SECOND UNITED STATES CAVALRY – A HISTORY
Compiled, edited and published by Historical Section, Second Cavalry Association
Maj. A. L. Lambert and Cpt. G. B. Layton, 2d Cavalry
Bill Waldner, Headquarters & Supply Troop, 2nd Squadron, with the HQ-35 jeep.
1-3 August 1944
On August 1, 1944, the Second Cavalry Group, attached to the Third U.S. Army, was waiting in an assembly area north of Avranches (map OC) for orders committing it to action in the breakthrough area.
At 1100 orders were received from Brigadier General Earnest, commanding Task Force “A” of VIII Corps. The message directed us to move at once to the vicinity of Beauchamp (map OC) and await further orders. The Group moved at 1300 and closed in the new concentration area at 2000, with the 2d Squadron at La Haye Pesnel (map OC), and the 42d three miles south at Gavray (map OC).
In the meantime VIII Corps learned that the 4th Armored Division had reached the vicinity of Rennes (map I) and was still tearing off to the southwest, leaving 50 miles of their left flank exposed. Orders reached the Group about midnight, attaching the Second Cavalry to the 4th Armored for the purpose of protecting that long, wide-open flank.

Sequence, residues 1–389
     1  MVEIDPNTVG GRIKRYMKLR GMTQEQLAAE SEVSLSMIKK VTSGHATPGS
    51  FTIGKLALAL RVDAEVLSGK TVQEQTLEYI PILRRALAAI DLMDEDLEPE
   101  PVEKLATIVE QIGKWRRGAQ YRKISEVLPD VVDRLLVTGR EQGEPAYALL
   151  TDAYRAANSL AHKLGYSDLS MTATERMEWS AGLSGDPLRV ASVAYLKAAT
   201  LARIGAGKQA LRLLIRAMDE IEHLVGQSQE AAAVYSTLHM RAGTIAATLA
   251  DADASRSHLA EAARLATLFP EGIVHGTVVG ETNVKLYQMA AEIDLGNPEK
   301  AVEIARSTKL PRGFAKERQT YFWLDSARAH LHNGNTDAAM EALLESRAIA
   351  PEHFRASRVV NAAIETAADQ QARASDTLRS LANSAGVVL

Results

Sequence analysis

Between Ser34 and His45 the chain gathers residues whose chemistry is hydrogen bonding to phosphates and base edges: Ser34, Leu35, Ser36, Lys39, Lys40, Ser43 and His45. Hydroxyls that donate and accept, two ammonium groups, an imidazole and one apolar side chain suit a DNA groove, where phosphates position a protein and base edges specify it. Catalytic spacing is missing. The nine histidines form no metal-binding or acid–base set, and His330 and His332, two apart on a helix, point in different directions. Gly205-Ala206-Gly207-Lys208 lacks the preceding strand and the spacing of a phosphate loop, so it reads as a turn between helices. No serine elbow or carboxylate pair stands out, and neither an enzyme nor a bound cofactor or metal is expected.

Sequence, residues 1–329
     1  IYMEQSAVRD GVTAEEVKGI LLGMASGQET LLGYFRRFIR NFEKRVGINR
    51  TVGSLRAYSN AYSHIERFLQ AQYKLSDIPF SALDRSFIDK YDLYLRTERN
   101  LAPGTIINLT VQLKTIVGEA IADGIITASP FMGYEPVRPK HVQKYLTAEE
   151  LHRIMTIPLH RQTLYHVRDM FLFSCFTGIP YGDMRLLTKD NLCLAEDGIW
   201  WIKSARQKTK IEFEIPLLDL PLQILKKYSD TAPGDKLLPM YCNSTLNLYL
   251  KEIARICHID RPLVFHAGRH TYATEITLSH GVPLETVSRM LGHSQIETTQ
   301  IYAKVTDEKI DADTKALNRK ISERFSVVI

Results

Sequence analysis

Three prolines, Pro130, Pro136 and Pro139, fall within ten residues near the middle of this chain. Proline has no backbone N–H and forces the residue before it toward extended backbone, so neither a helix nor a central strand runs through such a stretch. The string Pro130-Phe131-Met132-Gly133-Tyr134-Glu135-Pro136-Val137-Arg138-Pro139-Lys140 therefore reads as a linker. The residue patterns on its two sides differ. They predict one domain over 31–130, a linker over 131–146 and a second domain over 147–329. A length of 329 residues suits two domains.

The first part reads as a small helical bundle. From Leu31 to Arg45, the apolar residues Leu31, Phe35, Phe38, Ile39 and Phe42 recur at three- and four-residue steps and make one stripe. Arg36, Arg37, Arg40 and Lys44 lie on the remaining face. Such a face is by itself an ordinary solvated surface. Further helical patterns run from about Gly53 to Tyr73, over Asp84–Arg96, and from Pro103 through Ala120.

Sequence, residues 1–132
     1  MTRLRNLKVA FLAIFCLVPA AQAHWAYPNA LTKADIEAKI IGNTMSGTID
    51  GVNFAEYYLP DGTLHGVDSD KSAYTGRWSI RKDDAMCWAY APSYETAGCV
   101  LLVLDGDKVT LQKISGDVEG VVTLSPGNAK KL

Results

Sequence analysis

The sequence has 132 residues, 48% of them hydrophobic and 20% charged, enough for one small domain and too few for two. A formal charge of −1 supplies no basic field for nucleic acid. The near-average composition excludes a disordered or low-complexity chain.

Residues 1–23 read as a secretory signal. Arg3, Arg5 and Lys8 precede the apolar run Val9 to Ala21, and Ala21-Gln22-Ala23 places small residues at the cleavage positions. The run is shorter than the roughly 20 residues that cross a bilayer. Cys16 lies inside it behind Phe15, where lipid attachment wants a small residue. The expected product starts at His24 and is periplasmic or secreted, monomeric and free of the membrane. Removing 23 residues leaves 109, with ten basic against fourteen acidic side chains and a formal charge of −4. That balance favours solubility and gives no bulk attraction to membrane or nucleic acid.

On the morning of August 2, we plunged southward through the gap at Avranches (map I) on our final lap of the road to war. The impact of combat first reached us in the weird sight of the dead, bloated horses and crushed bodies strewn among the material destroyed by the Third Army spearhead.
By evening the Second Cavalry had reached Romazy (map 15) and Col. Reed received our first combat mission from General Wood. “Reconnoiter to the southeast in the zone St. Aubin du Comier (map I)(map 15) – Fougeres (map I)(map 15)“. This mission was handed to the 2d Squadron, the 42d being held in reserve.
Lt. Col. Easton committed Troop C in the north part of the zone and Troop A in the south, both units moving out around 2300. At daylight Troop C encountered heavy resistance in the vicinity of Fougeres.